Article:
Taming The Wild Snollygosters GRAYBEARD PAINE
Posted 02.28.06

I may not be the smartest goat in the barn but it seems to me that politicians are a lot like teenagers. If not properly supervised, they start running with the wrong crowd, they get into trouble.

We need to apply some tough love if we want them to display even a modicum of honesty, common sense, or responsibility.

"Just say no" isn't working because it's too darned easy to tempt a politician with money, power or sex.

Lobbyists are clearly a bad influence, so we can begin by monitoring meetings between them. I suggest lobbyists and politicians be required to wear leg bands like dope dealers on parole. Alarms would ring when they meet up, lights would blink, people would know something was up.

Bundles of cash are unlikely to change hands when the public is watching, which brings up the problem of secret meetings.

Lobbyists tend to congregate at expensive restaurants that provide sit-down service, thick steaks, and fine wines -- especially fine wines. The temptation is overwhelming for politicians, many of whom come from places where such establishments are rare.

Remember, politicians get to Washington by eating rubber chicken and cold peas, washed down with stale coffee.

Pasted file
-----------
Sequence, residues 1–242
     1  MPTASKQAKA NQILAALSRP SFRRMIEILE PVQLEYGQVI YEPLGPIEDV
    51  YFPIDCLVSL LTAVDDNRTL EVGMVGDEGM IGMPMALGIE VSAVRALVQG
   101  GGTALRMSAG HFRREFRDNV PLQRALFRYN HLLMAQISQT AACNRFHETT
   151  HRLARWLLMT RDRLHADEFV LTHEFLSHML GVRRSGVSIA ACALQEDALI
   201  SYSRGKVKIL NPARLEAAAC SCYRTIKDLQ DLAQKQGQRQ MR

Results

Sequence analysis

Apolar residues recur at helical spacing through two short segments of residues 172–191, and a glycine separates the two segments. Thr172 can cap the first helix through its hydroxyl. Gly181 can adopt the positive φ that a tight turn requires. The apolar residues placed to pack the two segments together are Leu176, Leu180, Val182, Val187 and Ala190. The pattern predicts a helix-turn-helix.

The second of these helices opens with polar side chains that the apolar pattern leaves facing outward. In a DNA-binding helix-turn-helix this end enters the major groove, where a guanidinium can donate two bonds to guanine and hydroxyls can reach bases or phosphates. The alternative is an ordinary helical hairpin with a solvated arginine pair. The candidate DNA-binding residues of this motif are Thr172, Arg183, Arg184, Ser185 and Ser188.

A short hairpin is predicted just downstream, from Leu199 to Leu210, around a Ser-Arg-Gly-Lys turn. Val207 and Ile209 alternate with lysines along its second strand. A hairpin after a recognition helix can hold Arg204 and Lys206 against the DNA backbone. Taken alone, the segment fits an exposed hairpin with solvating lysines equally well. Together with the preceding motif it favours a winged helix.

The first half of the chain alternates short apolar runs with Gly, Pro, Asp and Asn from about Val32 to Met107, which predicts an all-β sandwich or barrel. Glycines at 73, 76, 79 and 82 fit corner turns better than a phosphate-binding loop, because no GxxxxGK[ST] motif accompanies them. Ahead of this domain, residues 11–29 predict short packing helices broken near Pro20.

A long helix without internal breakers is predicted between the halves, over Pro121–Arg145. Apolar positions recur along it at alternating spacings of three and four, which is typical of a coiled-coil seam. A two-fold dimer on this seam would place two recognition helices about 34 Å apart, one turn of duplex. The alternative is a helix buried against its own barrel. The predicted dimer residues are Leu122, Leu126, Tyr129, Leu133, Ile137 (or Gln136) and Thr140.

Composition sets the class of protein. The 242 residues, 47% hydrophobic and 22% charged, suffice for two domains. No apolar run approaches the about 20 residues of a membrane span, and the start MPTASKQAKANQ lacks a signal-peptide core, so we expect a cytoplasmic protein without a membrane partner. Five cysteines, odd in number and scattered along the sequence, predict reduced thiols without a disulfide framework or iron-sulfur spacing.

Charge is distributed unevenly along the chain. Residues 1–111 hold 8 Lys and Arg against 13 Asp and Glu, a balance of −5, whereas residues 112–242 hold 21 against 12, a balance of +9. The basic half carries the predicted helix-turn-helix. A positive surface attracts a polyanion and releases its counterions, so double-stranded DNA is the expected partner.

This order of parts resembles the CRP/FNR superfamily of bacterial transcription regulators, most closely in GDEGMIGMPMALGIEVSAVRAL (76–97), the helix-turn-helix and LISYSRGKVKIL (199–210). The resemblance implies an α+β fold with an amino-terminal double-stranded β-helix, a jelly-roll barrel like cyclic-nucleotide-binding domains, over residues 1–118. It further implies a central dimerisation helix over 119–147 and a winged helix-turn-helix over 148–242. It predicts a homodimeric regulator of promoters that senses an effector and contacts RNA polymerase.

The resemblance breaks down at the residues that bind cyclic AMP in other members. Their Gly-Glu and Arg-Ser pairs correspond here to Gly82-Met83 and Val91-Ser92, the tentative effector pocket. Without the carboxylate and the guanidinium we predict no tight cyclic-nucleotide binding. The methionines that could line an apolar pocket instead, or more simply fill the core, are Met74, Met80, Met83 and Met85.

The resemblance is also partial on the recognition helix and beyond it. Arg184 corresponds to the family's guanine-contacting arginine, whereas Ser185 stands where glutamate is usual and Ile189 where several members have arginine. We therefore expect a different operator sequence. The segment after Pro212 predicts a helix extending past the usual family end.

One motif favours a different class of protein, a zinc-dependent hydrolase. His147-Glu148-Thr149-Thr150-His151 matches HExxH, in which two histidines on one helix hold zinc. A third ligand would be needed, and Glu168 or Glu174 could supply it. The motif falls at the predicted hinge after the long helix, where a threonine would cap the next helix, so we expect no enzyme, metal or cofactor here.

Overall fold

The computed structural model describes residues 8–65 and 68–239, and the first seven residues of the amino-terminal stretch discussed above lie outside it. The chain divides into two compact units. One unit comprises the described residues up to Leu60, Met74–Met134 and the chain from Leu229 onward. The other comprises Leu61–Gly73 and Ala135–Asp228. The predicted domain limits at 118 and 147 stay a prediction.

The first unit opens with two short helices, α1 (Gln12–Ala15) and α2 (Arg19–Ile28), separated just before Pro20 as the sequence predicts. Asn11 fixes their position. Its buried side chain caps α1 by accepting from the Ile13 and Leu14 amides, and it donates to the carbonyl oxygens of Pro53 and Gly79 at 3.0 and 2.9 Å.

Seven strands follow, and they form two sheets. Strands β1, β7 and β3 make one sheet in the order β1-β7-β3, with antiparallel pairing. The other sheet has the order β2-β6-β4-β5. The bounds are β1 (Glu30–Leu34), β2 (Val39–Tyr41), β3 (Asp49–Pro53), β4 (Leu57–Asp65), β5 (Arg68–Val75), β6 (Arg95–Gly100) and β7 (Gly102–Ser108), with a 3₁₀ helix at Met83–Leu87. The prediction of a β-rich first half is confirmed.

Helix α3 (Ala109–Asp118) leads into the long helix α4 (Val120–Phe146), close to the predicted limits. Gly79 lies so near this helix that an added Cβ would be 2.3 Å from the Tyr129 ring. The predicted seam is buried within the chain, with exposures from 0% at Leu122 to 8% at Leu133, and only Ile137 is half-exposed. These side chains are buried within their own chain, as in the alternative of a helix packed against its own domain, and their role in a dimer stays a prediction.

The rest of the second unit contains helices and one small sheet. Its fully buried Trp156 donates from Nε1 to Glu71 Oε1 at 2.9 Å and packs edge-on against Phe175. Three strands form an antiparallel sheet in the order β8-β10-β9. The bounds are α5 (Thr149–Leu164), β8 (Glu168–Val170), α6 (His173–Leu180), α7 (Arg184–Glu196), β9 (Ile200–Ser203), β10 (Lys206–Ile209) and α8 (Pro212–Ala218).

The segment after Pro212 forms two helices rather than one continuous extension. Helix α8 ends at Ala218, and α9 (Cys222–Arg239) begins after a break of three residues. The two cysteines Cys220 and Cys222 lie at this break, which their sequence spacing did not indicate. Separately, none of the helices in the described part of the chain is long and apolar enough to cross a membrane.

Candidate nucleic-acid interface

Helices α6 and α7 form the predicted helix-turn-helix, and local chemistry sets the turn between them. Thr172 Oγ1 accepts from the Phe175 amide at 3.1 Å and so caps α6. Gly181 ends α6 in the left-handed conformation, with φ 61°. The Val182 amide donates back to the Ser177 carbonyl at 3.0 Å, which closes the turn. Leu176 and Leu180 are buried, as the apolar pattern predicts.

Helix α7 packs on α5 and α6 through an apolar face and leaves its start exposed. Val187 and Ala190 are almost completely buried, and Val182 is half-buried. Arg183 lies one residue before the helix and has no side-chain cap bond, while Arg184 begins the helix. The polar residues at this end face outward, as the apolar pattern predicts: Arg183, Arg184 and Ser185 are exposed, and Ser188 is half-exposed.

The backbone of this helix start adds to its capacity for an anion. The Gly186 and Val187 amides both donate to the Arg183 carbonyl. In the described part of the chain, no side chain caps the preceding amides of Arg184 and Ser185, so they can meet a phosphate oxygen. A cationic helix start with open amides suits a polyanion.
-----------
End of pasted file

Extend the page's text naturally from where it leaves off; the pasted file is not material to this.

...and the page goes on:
Fancy food and wine temptations could be further reduced if restaurants inside the Beltway were required to have adequate lighting, with a press room from which the talking heads could observe. Imagine the deterrence if a politician knew a reporter would say, "Congressman Such and Such dined with lobbyist So and So, accepted a fat envelope of cash, drank three bottles of wine, and went home with the lobbyist's sister, where he spent the night. Tomorrow he is expected to vote big bucks for So and So's clients."

We might restrict the food and drink lobbyists are allowed to buy for Congressmen. It is doubtful that a Big Mac, Burrito Supreme. or even a Budweiser would induce serious bribery or vote-buying, though we might need to limit the number of brews except during national holidays.

No matter, we must insist - no steak, no wine, and none of those sissy French vegetables served in the dark. That takes care of a good bit of the teenage problems in Washington.

Another pressing area of concern is Literature. The snollygosters in Washington just don't know how to write anything readable. That creates work for lawyers but also work for taxpayers.

Consider the Internal Revenue Code; seventy seven feet of books to say what could be said in fifteen words: "We will take your money and give it to someone else, generally to our friends."

See how simple it is. If they can't learn that little lesson, put them on a "word ration." Tie the ration to pay for a real deterrence; use too many words, we cut your pay. Ration the number of amendments they are allowed to introduce during their terms.

Finally, stop the incestuous relationships between the Washington media and our congressmen. Media types need to spend some time in the heartland doing real work. I wanted to see Rush Limbough shoveling snow in Vermont, but he may be too frail. He may do better as a chicken sexer or tortilla maker outside of Bakersfield. The possibilities are endless - and just a little bit exciting.

Paul Graybeard Paine, a retired homebuilder, writes from Claremore, Oklahoma. His website is at http://pdpaine.us.

Copyright © 2006 Paul Paine/Log Cabin Chronicles/02.06